Overdose deaths climb to 94 in 2015, many related to fentanyl

BATAVIA, Ohio (June 29, 2016)  – Unintentional poisoning deaths – all related to drug overdoses – continued to climb in Clermont County, from 68 in 2014 to 94 in 2015. Of those, fentanyl, an extremely potent opioid, was present in 51 of the overdoses in 2015, compared to 21 in 2014.

Michelle Lydenberg, Injury Prevention Coordinator for Clermont County Public Health, analyzed 2013-2015 data from the Clermont County coroner, police reports, Clerk of Court records, and hospital reports for a recent presentation to the county’s Opiate Task Force.

“Fentanyl is coming into the country from labs outside the United States, primarily Mexico and China,” Lydenberg said. “It’s inexpensive and extremely potent, which is contributing to the increase of fentanyl-related deaths. Fentanyl is 25 to 50 times stronger than heroin, so even a small amount can cause an overdose.”

Heroin was present in 32% of the deaths in 2015, and prescription opioids, including fentanyl, were present in 32%. The next most common drugs were sedatives such as Xanax and Valium, at 12%.

Among the trends:
• Women make up an increasing share of the deaths — 33% in 2015, compared to 25% in 2014.
• In 62 of the cases (66%), the victims had a criminal record, typically related to OVI (Operating a Vehicle While Impaired) or robbery/theft.
• Multiple drugs were present in more cases.
• In 53% of the cases, victims were not alone when they overdosed.
• Hepatitis C or liver disease was present in 12 cases, compared to none in 2013

There would probably have been more deaths, Lydenberg noted, if not for the continued use of naloxone, commonly known as Narcan, by law enforcement and even family members. Naloxone reverses the effect of an overdose. The Clermont County Sheriff’s Office reports that it saved 27 lives in 2015 through the use of Narcan. The Goshen Police Department reported two successful reverses in 2015.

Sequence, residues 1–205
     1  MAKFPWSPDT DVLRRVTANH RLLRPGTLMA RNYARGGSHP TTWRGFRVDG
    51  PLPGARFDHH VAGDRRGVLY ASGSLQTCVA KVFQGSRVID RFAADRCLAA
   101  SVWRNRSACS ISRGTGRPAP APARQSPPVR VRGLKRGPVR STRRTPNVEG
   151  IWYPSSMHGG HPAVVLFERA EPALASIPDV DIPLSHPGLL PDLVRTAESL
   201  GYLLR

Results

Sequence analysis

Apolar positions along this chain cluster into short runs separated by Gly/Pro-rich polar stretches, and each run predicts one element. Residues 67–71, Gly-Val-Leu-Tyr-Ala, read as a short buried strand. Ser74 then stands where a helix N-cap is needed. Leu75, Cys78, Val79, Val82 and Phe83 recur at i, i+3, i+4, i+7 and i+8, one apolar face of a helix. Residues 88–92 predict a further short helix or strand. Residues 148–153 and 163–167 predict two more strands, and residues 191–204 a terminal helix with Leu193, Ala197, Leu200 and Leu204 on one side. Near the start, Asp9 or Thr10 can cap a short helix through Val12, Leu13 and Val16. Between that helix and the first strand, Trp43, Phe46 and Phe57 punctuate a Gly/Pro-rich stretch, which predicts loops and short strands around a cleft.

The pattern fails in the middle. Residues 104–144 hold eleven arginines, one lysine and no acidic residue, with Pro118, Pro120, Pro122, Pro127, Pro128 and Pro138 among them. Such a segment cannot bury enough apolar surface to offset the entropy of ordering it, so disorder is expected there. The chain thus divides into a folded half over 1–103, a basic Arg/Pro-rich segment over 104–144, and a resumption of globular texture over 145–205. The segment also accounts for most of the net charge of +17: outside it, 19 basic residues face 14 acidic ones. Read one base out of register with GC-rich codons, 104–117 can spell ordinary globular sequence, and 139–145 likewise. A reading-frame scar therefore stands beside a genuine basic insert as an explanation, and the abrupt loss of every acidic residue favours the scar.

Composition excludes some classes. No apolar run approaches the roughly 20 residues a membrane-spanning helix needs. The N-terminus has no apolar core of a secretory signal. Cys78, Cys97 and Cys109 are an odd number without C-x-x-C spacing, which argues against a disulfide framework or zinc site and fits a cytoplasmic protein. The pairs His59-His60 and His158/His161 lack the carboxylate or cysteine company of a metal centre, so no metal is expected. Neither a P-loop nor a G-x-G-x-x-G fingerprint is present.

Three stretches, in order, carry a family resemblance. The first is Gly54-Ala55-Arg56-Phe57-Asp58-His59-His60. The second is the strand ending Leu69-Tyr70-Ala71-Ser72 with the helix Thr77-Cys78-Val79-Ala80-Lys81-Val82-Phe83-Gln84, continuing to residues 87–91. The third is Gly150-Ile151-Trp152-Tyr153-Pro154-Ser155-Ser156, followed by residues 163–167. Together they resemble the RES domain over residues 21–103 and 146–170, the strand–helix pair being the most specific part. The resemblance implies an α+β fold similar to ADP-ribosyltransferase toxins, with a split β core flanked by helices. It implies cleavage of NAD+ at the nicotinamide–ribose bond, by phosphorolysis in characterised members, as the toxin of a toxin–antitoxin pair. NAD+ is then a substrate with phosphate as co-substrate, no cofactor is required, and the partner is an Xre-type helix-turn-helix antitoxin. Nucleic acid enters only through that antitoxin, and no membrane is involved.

Karen Scherra, Executive Director of the Clermont County Mental Health and Recovery Board, noted that their levy increase, passed by voters in November 2015, will allow for additional naloxone to be purchased and an increase in treatment and prevention services, to continue efforts to reduce the number of overdoses and help more individuals achieve recovery.

“National statistics indicate that the opiate epidemic shows no signs of diminishing,” added Scherra, “but here in Clermont we are working collaboratively across all sectors to reduce deaths, prevent young people from using, and provide access to treatment to deal with the addiction.”

The Clermont County Opiate Task Force, comprised of members from law enforcement, treatment, government, the courts, business, healthcare, and the community and families, began in 2013 to address the urgent issues the county faced as heroin and opioid abuse worsened. Since then, it has undertaken educational and outreach programs, supported grants to supply Narcan to local law enforcement agencies, advocated for medication-assisted treatment of addicts, and has supported innovative approaches to dealing with this issue.

(Photo: Opiate Task Force, May 2015)

Contact: Michelle Lydenberg, Clermont Public Health, mlydenberg@clermontcountyohio.gov; 513.735.8408.)